### Video Transcript

A teacher gave his students 100
minutes to solve a test. The students had to solve at least
four questions in section A, at least six questions from section B, and answer at
least 11 questions in total. If a girl answered each question in
section A in three minutes and each question in section B in six minutes, derive the
system of inequalities that would help to know how many questions she tried to solve
in each section.

We will use the letter π₯ to
represent the number of questions answered from section A and the letter π¦ to
represent the number of questions answered from section B.

Letβs now pick out the key
information. The total time for the test was 100
minutes. The girl answered a question in
section A, letter π₯, in three minutes and a question in section B in six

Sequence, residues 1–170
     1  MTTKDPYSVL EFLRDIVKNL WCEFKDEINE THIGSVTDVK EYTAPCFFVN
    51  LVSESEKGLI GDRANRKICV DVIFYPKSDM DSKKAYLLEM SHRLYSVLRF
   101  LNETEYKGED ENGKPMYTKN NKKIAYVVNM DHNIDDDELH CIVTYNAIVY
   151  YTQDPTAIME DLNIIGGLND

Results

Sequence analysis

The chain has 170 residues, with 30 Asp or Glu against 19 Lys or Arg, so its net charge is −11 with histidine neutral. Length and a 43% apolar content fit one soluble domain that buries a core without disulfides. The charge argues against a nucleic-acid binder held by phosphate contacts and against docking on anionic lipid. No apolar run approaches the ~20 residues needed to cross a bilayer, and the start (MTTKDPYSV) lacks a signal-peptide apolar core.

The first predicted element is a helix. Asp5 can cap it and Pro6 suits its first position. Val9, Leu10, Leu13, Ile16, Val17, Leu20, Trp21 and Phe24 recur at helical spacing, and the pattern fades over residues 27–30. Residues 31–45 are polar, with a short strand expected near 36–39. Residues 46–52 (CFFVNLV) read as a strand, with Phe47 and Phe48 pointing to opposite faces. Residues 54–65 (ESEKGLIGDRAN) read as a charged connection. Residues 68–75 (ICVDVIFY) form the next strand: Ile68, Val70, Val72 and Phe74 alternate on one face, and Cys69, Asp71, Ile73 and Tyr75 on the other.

minutes.

We also know that she had to answer
at least four questions from section A, at least six questions from section B, and
at least 11 questions in total.

As it took her three minutes to
answer a question in section A, three multiplied by π₯ gives us three π₯, the total
time to answer questions from section A. In a similar way, it took her six
minutes to answer a question from section B. Six multiplied by π¦ is six π¦.

When we add these together, the
time she spent on section A plus the time she spent on section B, we know that this
answer must be less than or equal to 100 minutes as this was the total time.

Therefore, our first inequality is
three π₯ plus six π¦ less than or equal to 100. As the number of questions answered
in section A was denoted by the letter π₯, and this needed to be at least four, we
can say that π₯ is greater than or equal to or bigger than or equal to four.

In the same way she needed to
answer at least six questions from section B. So π¦ is bigger than or equal to,
more than or equal to, six. And finally, the total number of
questions needed to be at least 11.

Therefore, the number of questions
in section A, π₯, plus the number of questions in section B, π¦ must be bigger than
or equal to or more than or equal to 11.

This leaves us with a system of
four inequalities that would help to know how many questions she tried to solve in
each section.